Obama, making his first public remarks since the court last week heard oral arguments about the law, told a White House news conference Monday that the requirement for most Americans to get medical insurance is sound law backed by judicial precedent.
That's not just my opinion, by the way, said Obama, a former professor of constitutional law. That's the opinion of legal experts across the ideological spectrum, including two very conservative appellate court justices, who said this wasn't even a close case.
The high court's five Republican-appointed justices seemed skeptical last week of the government's case for forcing most Americans to get insured or pay a fine. On Monday, Obama appealed to members of that conservative bloc who may be open to persuasion. He stressed that judicial restraint should accompany the court's deliberation over whether the 2010 law -- the Patient Protection and Affordable Care Act -- was an overreach of power by Congress, violating the Constitution.
Ultimately, I'm confident the Supreme Court will not take what would be an unprecedented, extraordinary step in overturning a law that was passed by a strong majority of a democratically elected Congress, the president said.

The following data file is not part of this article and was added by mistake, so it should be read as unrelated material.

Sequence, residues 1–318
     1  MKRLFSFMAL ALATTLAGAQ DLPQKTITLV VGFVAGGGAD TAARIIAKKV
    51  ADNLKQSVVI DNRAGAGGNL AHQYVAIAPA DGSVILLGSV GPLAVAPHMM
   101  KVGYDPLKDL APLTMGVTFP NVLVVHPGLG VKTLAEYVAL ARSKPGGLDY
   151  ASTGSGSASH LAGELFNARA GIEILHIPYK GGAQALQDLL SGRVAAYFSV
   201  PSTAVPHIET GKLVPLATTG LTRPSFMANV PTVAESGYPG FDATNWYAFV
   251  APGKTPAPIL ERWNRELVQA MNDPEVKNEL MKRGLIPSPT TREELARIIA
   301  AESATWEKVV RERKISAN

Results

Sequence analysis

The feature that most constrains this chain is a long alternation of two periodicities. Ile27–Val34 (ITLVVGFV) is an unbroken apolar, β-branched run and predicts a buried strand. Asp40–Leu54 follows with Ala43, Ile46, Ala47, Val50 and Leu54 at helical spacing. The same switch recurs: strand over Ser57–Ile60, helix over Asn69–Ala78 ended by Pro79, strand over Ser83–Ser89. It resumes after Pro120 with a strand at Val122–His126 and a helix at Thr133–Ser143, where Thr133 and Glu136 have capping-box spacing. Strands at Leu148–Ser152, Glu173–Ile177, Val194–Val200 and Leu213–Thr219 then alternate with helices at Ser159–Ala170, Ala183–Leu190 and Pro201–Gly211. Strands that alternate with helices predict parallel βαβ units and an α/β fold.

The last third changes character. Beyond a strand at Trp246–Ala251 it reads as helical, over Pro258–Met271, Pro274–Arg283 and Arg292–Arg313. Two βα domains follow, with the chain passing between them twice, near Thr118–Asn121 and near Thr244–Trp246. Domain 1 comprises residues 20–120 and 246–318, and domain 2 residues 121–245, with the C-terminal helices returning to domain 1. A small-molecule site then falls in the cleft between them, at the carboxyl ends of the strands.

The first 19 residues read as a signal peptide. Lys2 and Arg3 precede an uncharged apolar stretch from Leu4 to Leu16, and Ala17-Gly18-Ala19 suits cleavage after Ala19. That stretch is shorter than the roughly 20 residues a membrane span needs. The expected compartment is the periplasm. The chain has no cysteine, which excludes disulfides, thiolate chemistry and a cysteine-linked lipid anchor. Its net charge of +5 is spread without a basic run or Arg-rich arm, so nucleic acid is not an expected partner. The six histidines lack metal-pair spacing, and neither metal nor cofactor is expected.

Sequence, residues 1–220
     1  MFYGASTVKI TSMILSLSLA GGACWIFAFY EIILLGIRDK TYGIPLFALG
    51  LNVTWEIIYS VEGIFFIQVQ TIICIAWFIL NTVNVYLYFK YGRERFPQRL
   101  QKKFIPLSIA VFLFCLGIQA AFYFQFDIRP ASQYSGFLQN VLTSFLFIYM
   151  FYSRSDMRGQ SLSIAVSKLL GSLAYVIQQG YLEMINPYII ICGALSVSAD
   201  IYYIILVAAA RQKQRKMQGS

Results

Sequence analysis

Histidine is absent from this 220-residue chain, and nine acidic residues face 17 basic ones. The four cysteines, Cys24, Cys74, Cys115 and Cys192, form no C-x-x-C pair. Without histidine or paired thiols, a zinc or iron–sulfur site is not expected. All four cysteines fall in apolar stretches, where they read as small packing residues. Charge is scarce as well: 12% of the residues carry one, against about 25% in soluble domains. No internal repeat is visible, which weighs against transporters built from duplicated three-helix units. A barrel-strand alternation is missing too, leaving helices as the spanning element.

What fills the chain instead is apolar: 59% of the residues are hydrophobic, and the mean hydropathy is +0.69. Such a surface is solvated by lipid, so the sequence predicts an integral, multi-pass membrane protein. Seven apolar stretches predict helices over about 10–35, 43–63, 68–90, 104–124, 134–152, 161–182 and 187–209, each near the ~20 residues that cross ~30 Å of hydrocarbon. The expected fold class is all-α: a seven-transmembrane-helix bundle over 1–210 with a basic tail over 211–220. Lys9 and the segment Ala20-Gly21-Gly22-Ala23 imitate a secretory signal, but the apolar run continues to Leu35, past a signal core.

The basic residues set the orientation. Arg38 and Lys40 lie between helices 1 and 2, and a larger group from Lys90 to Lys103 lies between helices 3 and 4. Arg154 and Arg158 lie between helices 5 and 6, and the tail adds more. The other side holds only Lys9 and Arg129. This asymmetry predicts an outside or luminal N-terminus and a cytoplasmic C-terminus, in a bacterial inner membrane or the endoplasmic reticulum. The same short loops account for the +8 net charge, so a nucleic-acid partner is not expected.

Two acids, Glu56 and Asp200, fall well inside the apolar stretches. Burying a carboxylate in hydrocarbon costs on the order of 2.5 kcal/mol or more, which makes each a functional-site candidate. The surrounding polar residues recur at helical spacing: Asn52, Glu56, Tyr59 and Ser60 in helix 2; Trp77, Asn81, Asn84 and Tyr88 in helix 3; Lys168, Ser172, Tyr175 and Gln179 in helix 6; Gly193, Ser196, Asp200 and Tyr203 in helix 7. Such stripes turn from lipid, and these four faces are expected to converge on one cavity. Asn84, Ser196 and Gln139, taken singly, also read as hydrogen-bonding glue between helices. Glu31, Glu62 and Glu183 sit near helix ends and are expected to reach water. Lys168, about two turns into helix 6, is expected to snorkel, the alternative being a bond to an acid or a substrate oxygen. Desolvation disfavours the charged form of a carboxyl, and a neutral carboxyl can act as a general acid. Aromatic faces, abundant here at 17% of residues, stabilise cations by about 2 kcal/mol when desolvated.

Obama's fellow Democrats have also expressed confidence about the law's chances at the court, despite the tough line of questioning government lawyers received from key justices whose vote will determine the outcome. A ruling is expected sometime in early summer.
But many of those Democrats say overturning the health care law would be a radical departure for the Supreme Court. Sen. Chuck Schumer of New York said Sunday that doing so would put the justices so far out of the mainstream.
The court's five conservatives will have to balance the constitutional questions over the mandate with their general reluctance to legislate from the bench -- a tension Obama mentioned Monday.
I just remind conservative commentators that for years what we've heard was the biggest problem on the bench was judicial activism or a lack of judicial restraint, that an unelected group of people would somehow overturn a duly constituted and passed law, Obama said. Well, this is a good example and I'm pretty confident this court will recognize that and not take that step.
Amid speculation about how the justices ultimately will vote, Obama discussed the millions of Americans who are now insured under the law, such as young people who can stay on their parents' policies and those who can get insurance even though they have existing medical conditions. Also, tens of millions would get insured after the law's individual mandate took effect in 2014.
There's not only an economic element to this, a legal element to this, but there's a human element to this, Obama said. And I hope that's not forgotten in this political debate.